Friday Fun and Another (Long) Break

After my long holiday and blogging break, I will now be taking another break, not sure how long, because of an actual break. For those of you who have not followed my self-pitying saga on Twitter, I fell over last weekend, fractured the elbow and sprained the wrist on the right arm (my writing arm), which has effectively put me out of action for pretty much anything. I can just about do my day job, albeit with speech to text software and frequent breaks, but I never realised how much you need two hands to accomplish simple tasks such as opening a jar of honey, cutting a piece of cheese or putting up your hair. Now that the boys have gone on holiday with their dad, I have no one to help and am beginning to understand why my mother put up with so much from my father over the years, and was so against me getting a divorce, terrified as she is of being alone and infirm in old age. (Needless to say, I still don’t subscribe to that view.)

But this post is called Friday Fun rather than Friday Accident, so on to cheerier things. I have put together some holiday pictures with a literary link.

George Topîrceanu was a Romanian poet and humourist, with family ties to the area where my parents were born and now live. This memorial house in Nămăești, Argeș, was where the poet’s mother lived and ran a weaving workshop.
View from the porch on the upper floor. The poet’s wife and son lived here for a while, and he visited them occasionally, but spend most of his time in Iasi, pursuing his literary activities (and a relationship with the poet Otilia Cazimir).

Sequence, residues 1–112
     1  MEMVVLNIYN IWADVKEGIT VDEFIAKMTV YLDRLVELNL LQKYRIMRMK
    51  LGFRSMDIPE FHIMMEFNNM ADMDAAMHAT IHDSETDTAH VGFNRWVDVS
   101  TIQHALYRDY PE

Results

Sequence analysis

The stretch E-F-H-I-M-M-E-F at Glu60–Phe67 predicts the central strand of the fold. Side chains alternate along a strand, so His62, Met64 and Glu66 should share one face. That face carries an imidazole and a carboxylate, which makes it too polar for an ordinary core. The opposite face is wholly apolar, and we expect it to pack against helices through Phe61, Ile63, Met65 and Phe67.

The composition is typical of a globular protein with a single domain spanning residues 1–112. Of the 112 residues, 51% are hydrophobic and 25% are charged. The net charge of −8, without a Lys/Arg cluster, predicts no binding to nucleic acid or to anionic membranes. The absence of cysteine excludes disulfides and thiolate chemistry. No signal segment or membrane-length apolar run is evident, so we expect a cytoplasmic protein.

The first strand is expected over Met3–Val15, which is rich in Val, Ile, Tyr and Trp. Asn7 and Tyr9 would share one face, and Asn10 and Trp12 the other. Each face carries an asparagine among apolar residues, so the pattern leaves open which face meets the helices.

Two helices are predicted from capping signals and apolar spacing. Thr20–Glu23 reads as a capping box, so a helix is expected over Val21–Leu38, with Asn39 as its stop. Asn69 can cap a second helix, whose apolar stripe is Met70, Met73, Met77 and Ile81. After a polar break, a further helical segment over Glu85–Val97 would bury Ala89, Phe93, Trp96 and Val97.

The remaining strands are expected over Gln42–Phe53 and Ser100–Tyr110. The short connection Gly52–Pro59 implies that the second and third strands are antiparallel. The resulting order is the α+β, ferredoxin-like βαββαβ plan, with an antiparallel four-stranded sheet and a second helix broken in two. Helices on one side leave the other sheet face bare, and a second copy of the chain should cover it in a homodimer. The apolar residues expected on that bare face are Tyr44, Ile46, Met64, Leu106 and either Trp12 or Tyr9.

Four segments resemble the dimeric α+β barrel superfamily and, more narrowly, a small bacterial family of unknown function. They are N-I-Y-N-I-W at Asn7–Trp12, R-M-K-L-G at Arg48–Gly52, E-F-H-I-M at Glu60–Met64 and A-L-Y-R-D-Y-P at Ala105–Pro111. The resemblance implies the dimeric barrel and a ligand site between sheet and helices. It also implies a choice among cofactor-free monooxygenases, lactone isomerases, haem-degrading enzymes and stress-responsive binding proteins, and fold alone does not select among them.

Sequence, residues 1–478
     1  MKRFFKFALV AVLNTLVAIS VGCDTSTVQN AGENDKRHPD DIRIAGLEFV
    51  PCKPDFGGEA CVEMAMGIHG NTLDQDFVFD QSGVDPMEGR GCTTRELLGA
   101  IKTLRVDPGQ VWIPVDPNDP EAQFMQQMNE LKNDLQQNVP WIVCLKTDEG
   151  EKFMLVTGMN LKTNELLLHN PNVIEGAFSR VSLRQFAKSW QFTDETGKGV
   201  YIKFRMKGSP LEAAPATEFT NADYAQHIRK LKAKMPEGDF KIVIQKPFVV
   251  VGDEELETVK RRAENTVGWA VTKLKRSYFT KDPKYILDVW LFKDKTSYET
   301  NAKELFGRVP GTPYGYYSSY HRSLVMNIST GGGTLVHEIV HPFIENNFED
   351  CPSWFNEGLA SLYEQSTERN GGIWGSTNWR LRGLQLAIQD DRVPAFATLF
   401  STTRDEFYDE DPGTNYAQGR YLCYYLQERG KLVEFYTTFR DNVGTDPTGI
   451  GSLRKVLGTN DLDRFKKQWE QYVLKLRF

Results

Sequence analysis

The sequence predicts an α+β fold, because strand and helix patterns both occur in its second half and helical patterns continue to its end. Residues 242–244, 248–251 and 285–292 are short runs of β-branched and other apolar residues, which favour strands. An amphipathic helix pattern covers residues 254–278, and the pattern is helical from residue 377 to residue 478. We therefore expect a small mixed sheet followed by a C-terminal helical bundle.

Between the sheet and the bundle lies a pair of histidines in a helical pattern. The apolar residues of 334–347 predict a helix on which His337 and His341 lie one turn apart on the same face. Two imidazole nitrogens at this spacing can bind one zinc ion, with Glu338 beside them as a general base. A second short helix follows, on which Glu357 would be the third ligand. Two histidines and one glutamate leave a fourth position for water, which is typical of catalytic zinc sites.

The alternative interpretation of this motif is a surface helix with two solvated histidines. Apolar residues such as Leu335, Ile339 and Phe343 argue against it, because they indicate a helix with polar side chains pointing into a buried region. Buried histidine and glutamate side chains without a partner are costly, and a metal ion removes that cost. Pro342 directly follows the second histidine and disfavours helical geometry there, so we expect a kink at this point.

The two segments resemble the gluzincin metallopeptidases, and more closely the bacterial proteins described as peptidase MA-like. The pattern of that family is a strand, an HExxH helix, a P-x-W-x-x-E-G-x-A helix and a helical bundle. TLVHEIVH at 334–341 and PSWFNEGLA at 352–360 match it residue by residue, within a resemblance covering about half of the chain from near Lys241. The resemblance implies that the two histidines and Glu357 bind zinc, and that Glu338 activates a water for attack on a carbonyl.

The Roman poet Ovid was exiled to the Black Sea port of Constanța, known as Tomis in Roman times, and apparently did not have anything complimentary to say about the area. There he is sulking in the main square.

Meanwhile, the Romanian national poet Mihai Eminescu is staring dreamily out to sea, in a sculpture completed in 1934 by the sculptor Oscar Han, through public subscriptions.

Imagine my delight when I discovered that the house where we stayed in Constanța, was the house where an important modernist woman writer Cella Serghi was born and spent most of her childhood. It is right next door to the beautiful Şuțu Villa, which is finally being renovated, as you can see from the tarpaulin covers.

This gives you a little bit of an idea what the Şuțu building used to look like before the scaffolding went up (overlooking the sea, naturally).

This example of a house on stilts from the Danube Delta region reminds me of one of poet George Bacovia’s most famous poems ‘Lacustrine Homes’

Meanwhile, in Bucharest, the Beer Cart (Caru’ cu bere) Pub, brewery and restaurant, with its art nouveau interior, was a much-loved meeting place for literary and artistic figures at the turn of the 20th century.

Finally, who knows, maybe someday they will say: this is the place where the translator and writer Marina Sofia spent her summer holidays as a child?